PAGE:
Businesses have been dealing with many different issues arising from the coronavirus pandemic, including exposures involving employee illnesses, event cancellations, business interruption and director’s and officer’s (D&O) liability risks. While the full impact of COVID-19 is still unknown there are various potential D&O exposures of which businesses should be aware.
Public Companies Face Securities Class Actions Claims
D&O claims for public companies and to a lesser extent private companies will most likely involve securities class action or derivative suits, and stem from failure to disclose the impact of COVID-19. How directors and officers handled the coronavirus pandemic and if there was any mismanagement may also trigger potential claims for all types of businesses.
For example, in March the first lawsuit was filed against Norwegian Cruise Line Holdings, Ltd. alleging the defendants made false and/or misleading statements and/or failed to disclose that: “(1) Norwegian was employing sales tactics in providing customers with unproven and/or blatantly false statements about COVID-19 to entice customers to purchase cruises, thus endangering the lives of both their customers and crew members; and (2) as a result, the defendants’ statements regarding Norwegian’s business and operations were materially false and misleading and/or lacked a reasonable basis at all relevant times.”
Inovio Pharmaceuticals, Inc. is also facing a securities class action suit after it announced that it developed a COVID-19 vaccine “within three hours” and that its plan was to start trials in April 2020, according to The D&O Diary. As a result of the company’s statement, its shares “more than quadrupled” within a few trading days. After the SEC was called upon to investigate Inovio’s “ludicrous and dangerous claim that they designed a [COVID-19] vaccine in 3 hours,” the stock price dropped by 71% and shareholders suffered a $643 million loss of market capitalization.
D&O Exposures for Community Associations
Community associations that manage developments have a duty to exercise due care for the safety of residents and guests in those areas under their control. As such, the board of directors of a community association could potentially face claims by members and guests who become infected, alleging that the association failed to exercise reasonable care in guarding against, or warning of, the risk of exposure to the COVID-19 virus.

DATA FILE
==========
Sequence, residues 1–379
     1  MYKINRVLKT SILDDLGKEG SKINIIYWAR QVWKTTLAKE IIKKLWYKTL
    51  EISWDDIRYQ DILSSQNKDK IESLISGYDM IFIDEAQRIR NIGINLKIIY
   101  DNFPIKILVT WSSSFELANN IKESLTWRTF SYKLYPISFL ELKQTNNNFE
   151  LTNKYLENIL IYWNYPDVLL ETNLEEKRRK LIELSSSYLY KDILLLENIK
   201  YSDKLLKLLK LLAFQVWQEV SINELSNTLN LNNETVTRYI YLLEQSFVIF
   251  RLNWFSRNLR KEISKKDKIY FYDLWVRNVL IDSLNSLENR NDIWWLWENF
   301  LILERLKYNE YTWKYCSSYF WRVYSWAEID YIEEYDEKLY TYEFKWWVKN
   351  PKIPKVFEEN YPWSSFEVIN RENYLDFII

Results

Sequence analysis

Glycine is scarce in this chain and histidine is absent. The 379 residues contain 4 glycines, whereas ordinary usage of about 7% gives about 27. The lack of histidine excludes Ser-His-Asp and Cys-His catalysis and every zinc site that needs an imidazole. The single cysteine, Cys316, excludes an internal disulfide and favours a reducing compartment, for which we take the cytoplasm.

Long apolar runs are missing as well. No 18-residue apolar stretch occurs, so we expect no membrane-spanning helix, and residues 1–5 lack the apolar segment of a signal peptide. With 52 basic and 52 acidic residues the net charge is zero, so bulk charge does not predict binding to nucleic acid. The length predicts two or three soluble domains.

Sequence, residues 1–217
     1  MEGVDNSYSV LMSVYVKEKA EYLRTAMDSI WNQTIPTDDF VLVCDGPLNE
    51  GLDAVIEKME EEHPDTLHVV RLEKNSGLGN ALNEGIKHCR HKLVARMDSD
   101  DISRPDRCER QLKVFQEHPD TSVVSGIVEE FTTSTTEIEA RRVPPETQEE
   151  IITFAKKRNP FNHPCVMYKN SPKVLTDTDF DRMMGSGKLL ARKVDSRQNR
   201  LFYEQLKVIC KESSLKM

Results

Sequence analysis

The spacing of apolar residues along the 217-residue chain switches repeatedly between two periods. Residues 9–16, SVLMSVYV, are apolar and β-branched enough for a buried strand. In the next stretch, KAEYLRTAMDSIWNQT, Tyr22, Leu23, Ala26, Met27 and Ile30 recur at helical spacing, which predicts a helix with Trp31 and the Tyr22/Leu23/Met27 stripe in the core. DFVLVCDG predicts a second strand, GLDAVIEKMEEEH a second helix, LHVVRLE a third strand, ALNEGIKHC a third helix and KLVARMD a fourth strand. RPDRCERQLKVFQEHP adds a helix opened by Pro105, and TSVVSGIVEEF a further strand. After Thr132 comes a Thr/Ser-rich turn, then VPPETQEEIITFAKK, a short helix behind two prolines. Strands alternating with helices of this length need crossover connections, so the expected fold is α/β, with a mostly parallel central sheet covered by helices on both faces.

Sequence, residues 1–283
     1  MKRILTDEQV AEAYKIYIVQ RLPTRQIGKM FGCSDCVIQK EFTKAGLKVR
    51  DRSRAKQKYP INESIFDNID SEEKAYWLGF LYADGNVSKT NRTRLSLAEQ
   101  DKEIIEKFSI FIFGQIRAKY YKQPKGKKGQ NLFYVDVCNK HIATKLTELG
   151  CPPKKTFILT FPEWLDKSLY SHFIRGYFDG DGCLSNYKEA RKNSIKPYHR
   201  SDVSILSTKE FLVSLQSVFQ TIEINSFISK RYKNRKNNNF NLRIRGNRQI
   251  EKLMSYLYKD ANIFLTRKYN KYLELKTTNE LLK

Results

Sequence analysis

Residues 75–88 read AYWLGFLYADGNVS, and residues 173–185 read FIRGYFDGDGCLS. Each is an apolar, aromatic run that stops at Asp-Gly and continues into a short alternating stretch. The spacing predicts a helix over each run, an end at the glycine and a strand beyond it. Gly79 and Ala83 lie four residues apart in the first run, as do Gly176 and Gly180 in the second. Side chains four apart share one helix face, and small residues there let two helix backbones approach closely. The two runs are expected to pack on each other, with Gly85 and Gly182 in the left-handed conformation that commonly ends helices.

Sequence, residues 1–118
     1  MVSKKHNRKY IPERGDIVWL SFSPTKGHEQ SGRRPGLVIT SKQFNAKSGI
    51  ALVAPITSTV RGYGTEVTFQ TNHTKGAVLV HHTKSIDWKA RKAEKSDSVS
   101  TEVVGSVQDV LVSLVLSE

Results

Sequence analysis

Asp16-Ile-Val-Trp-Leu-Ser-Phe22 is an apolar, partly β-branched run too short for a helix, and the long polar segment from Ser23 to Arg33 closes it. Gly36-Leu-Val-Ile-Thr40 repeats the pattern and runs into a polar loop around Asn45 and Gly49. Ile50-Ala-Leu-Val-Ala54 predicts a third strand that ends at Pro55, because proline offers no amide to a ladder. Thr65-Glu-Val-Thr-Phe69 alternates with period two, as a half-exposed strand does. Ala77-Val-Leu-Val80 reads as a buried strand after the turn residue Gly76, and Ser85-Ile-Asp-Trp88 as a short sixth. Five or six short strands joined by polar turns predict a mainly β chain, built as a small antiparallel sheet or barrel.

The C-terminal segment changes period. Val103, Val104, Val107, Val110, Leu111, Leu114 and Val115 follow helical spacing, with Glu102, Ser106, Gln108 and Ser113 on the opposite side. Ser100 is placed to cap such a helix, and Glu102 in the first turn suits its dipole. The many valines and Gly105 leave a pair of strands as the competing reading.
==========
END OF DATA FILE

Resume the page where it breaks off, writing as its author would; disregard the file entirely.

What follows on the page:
According to the Community Associations Institute (CAI), it’s important to note that “during a pandemic emergency, an association cannot guarantee that the actions it takes will result in a common area totally clear of the virus, particularly when residents come and go on an ongoing basis.” A board should follow the expertise of the CDC and other government authorities to implement recommended strategies to minimize the spread of the disease and create as safe an environment as is reasonably possible.
Data Breach Exposures on the Rise
The failure of management to protect against and insure for privacy or cyber liabilities could potentially lead to D&O claims. With an increased reliance on remote working arrangements and IT infrastructure, organizations are more vulnerable to phishing and ransomware attacks by cyber criminals.
The board along with management should evaluate whether the company’s IT systems have enough capacity to support the growing virtual environment that COVID-19 has necessitated. They should assess whether proper cybersecurity measures, policies, and contingency plans are in place, and whether remote workers have the proper training to help mitigate risk. In addition, companies and their boards should be looking at whether their protocols and policies need to be updated as part of their fiduciary responsibility.
How D&O Liability insurance will respond to various COVID-19 exposures will depend on an insured’s specific policy and its exclusions. For example, in general D&O policies include exclusions for all claims of bodily injury, pollution liability and other risks, with wording varying among policies. It’s important to review with clients their policies and ensure that they are taking the appropriate risk management measures to mitigate losses.
Sources: IBA, The D&O Diary, National Underwriter, Willis Towers Watson, JD Supra, Community Associations Institute